The day the gunman walked the halls of Marjory Stoneman Douglas High, killing and maiming innocent victims, scared people dialed 9-1-1 desperate for help.
Many of the calls went to the Coral Springs emergency line, but where the calls went from there— that’s a mess.
And it’s something the Marjory Stoneman Douglas Public Safety Commission is going over with a fine tooth comb.
Coral Springs officials say they are still going over that too. The fire chief and a deputy police chief were grilled by the commission about the issue.
When they left the podium, CBS 12 News pressed them some more.
“The numbers from my understanding— of those 9–1-1 calls, they were under 100, I think it would be premature for me to comment on that,” said Coral Springs Deputy Police Chief Shawn Backer.
Backer faced the Marjorie Stoneman Douglas public safety commission and tried to explain how, on the day of the school shooting, some 9-1-1 calls got transferred to the sheriff's office, some may not have been transferred.
The reason it’s critical to understand how everything unfolded is because intel from inside the school could have helped officers and deputies in real time and helped them to know where the killer was.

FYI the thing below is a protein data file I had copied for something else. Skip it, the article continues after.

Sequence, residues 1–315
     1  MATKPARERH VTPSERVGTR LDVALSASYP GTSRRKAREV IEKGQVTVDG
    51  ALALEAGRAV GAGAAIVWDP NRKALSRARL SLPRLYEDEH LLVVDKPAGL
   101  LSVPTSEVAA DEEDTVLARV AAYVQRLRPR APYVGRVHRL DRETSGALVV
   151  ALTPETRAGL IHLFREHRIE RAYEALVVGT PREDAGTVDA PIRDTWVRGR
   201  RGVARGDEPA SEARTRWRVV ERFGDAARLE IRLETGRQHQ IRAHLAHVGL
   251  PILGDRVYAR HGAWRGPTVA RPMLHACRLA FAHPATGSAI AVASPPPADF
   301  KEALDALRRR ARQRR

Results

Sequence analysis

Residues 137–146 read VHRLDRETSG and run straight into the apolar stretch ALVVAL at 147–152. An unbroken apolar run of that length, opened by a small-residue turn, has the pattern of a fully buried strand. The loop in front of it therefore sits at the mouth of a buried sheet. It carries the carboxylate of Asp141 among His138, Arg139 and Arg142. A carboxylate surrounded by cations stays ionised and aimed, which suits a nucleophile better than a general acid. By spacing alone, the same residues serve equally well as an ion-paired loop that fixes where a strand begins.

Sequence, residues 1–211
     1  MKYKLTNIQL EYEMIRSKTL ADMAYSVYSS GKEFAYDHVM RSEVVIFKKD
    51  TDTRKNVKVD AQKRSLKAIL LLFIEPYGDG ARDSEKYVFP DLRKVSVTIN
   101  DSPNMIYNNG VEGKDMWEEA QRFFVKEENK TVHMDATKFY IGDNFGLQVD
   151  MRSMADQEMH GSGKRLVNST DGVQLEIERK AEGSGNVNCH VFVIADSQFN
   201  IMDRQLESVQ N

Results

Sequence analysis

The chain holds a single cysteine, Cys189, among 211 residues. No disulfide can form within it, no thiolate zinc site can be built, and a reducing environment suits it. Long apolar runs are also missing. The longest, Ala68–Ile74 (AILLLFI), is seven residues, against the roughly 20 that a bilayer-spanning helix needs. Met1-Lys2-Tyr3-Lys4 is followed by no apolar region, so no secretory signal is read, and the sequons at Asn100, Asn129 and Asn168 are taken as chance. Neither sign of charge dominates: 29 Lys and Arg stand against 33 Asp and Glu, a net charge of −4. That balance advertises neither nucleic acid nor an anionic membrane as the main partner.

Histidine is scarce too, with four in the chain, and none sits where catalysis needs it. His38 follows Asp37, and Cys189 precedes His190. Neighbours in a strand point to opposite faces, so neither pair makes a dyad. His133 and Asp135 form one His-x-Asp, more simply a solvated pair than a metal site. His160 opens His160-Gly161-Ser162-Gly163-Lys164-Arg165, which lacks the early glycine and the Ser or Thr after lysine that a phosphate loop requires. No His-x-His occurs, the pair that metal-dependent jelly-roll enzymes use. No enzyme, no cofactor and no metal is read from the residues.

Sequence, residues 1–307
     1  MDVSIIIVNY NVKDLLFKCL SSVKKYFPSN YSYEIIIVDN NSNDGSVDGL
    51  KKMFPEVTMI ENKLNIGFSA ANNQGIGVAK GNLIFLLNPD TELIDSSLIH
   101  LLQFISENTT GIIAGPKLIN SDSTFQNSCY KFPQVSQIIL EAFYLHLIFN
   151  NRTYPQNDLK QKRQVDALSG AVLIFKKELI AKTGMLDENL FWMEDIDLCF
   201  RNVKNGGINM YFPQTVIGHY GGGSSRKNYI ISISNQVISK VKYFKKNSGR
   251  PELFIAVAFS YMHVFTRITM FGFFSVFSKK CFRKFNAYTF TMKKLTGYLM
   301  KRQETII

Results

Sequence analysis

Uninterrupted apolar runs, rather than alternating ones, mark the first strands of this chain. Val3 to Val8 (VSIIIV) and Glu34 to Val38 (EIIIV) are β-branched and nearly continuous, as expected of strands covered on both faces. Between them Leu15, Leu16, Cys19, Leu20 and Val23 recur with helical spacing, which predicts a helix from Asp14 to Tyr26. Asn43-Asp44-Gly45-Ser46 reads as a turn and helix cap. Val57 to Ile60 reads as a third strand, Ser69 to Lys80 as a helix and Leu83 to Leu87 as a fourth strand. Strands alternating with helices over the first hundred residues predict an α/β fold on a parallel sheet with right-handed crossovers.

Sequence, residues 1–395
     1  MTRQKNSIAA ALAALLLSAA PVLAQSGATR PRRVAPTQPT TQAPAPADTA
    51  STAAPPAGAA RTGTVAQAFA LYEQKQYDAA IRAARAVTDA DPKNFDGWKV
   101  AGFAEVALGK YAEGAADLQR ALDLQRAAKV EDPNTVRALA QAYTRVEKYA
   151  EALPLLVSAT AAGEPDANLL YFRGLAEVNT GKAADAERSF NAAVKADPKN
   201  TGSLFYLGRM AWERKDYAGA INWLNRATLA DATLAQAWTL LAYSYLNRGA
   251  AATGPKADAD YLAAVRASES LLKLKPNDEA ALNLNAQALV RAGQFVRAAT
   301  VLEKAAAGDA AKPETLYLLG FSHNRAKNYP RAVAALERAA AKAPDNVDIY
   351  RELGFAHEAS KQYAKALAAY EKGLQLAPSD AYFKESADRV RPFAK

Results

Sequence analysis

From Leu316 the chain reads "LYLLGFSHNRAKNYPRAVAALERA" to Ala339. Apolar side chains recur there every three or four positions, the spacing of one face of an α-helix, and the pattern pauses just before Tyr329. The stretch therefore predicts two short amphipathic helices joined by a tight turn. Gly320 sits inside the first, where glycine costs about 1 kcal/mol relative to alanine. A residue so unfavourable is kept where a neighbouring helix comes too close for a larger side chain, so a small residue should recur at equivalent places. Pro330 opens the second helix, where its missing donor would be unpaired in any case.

“The ability to communicate and share information is vital in preventing these things from happening, and it’s vital in responding to these events to save lives,” said Ryan Petty.
Petty is one of the safety commissioners. His daughter Alaina was one of the 17 killed. He says if he wasn’t serving on this panel, if his daughter were still alive, he’d be taking a trip with her to Nevada.
“So we would’ve been spending time with friends and family this summer, but obviously everything changed,” Petty said.
Another issue that arose during Wednesday’s hearing was how Coral Springs police and fire have resisted getting into the same 9-1-1 dispatch system as the rest of the county.
Coral Springs gets incoming calls from Parkland — and the chiefs used the term ‘hometown feel’— they also talked about how useful it is when dispatchers know the layout of streets and local geography.
But some commissioners blasted the chiefs for that comment. They say the failures on Valentine's Day illustrate the system is stuck in the past.
Another victim's father, who also serves on the safety Commission, Max Schachter was the most outraged by the lack of answers and urgency. He asked the deputy chief to sit down with him again in a few days to go over this in more detail and include the sheriff's office. The deputy chief agreed.